In paging no need to store key value in multiple levels as an array(direct index) can be used to 
store physical address pointers.
First level of page table should be in main memory
For paging- page tables and page frame sizes are different
Paging done by OS for itself
Segmentation- variable size segments with base address and limit register
In paging can the page table point to other location than MM?
Yes it can point to disk or I/O devices
What happens when swap space is 0?- Programs larger than physical 
memory cant be run
Cache - in CPU, OS don't care
VM- is it transparent to CPU?- VA generated by CPU
All addresses generated by CPU is logical
How many memory accesses in VM?
one page table lookup(in main memory) and actual memory access
What if there is cache?- only one memory access from TLB(more than 1)
VM cannot be faster than physical addressing
TLB is a small cache in CPU that caches only page table entries
 
   
 7  Nov 14 Problems on multi-level paging- number of bits required for addressing next level 
page table/page frame in each of the level
Page table will always be in main memory
Inverted page table- indexed using physical address 
No direct mechanism of sharing of pages
same virtual address present in inverted page table can be distinguished by process id
Page replacement
page fault service
optimal page replacement
FIFO- Belady's anomaly- page fault may increase on increasing number of
frames with same page size
LRU- least recently used page is replaced, 
MRU- most recently used page is replaced,
Random page replacement
 
   
8 Nov 15 Paging- multilevel paging, examples- number of address bits used in each level, 
size of page table used in paging, number of levels in paging
   
9 Nov 19 Cache misses- with examples
Process synchronisation
Critical section problems, solution- mutual exclusion, progress, bounded waiting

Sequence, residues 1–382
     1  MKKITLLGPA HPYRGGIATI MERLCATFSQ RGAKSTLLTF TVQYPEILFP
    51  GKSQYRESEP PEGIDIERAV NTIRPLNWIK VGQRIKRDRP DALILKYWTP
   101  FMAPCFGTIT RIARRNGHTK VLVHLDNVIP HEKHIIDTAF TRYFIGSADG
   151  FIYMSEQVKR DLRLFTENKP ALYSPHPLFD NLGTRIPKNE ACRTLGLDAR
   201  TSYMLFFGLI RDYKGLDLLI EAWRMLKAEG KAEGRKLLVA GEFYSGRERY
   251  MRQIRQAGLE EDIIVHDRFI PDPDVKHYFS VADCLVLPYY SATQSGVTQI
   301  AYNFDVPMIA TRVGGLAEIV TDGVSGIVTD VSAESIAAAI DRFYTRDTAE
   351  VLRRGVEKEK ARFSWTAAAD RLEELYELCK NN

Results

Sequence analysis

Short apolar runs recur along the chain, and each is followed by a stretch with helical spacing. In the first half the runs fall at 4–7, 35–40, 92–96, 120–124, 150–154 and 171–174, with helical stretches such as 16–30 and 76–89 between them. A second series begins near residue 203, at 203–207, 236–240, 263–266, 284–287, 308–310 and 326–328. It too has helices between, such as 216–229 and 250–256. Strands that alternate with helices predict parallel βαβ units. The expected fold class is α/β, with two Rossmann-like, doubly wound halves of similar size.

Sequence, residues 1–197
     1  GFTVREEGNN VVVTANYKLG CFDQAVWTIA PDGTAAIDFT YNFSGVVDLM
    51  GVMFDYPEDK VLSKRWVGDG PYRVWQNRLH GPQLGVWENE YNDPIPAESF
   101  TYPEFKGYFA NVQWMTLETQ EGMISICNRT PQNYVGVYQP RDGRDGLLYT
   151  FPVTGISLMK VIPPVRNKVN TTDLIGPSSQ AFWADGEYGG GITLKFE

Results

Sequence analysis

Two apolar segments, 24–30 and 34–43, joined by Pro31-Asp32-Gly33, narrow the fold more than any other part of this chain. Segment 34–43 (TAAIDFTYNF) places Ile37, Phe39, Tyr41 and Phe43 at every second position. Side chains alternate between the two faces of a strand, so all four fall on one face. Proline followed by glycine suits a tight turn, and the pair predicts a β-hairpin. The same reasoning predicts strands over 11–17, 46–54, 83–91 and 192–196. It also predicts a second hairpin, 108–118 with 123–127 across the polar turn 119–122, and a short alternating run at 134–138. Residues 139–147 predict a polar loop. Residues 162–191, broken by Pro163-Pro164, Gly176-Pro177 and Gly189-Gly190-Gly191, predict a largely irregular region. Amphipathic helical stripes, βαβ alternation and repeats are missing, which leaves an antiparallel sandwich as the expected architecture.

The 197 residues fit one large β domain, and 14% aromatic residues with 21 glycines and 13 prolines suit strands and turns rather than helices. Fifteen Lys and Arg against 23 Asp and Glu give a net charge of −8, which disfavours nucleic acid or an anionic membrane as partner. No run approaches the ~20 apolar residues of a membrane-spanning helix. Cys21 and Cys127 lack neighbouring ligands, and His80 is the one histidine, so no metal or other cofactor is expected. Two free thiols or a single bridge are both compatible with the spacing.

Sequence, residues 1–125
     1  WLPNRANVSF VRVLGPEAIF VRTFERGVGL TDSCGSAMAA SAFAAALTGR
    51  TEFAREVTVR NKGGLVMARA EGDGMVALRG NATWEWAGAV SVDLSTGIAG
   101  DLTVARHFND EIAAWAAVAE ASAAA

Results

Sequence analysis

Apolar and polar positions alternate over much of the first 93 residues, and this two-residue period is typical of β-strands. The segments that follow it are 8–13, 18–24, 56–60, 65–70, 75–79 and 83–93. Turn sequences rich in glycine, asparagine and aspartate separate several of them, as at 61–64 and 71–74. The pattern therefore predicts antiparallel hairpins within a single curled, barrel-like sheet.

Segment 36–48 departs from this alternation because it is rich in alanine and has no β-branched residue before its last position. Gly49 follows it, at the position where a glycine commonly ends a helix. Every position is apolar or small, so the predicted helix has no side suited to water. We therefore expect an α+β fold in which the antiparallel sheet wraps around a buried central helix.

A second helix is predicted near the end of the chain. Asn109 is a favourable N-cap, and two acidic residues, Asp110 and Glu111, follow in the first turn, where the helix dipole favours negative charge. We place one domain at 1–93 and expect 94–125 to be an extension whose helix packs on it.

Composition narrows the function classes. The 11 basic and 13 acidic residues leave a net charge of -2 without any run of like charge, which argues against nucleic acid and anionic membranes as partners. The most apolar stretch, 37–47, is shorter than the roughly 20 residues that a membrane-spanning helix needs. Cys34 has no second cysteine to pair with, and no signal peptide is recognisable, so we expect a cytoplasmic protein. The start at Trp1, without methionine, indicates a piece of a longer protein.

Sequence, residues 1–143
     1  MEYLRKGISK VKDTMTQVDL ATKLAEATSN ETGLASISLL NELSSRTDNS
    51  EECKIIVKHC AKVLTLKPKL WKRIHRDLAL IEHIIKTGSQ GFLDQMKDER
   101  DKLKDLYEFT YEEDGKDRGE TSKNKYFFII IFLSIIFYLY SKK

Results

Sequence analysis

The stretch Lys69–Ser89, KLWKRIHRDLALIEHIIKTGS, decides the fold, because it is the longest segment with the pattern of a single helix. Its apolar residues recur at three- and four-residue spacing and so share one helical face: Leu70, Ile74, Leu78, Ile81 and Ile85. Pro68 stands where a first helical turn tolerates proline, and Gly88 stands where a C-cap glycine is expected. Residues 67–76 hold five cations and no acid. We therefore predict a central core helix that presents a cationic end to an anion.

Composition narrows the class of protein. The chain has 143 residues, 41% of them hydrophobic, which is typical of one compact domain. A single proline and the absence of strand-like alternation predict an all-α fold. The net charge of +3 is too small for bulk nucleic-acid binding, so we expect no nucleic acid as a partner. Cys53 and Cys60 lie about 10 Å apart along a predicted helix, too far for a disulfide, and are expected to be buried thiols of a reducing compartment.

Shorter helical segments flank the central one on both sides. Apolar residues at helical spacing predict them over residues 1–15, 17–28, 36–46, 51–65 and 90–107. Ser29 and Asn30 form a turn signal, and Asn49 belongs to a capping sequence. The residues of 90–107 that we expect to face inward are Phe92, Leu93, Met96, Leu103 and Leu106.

Peterson's solution
Process 
synchronisation
 
10 Nov 21 Test and set instruction, mutex, semaphore, 
deadlocks
Test and set satisfying bounded waiting for n processes
priority inversion with example
   
 11 Nov 22 If mutual exclusion is not satisfied, progress is satisfied?Yes
No starvation implies progress
Deadlock implies starvation
Deadlock- prevention and avoidance
If we prevent deadlock, we avoid deadlock
If we prevent deadlock, we avoid deadlock
Deadlock can be avoided by other means too.
Four conditions of deadlock
1)mutual exclusion-to break share resource 
2)hold and wait, 
3)no preemption, 
4)circular wait
Deadlock implies unsafe state
Unsafe state does not imply deadlock
From safe state process can move to unsafe state if more resources are allocated
Why we need Banker's algorithm?
In resource allocation graph only one instance of a resource can be represented
Example of Banker's algorithm
 
   
 12 Nov 23 File system
Disk structure- platters, cylinder, track, sector, read/write head
Disk access time-seek time, rotational latency, transfer time
linear velocity, angular velocity
Files-access methods- sequential and direct, mounting, shortcuts- hardlink, symbolic
File structure- tree structure, acyclic graph(shortcuts), directory- single level, multilevel
File allocation methods- contiguous, linked, indexed
Levels of indirection in indexed file
Disk scheduling algorithms- FCFS, SSTF, SCAN, C-SCAN, LOOK, C-LOOK
RAID- levels
 
posted Nov 23, 2018 in Operating System by Boss (11,319 points) | 385 views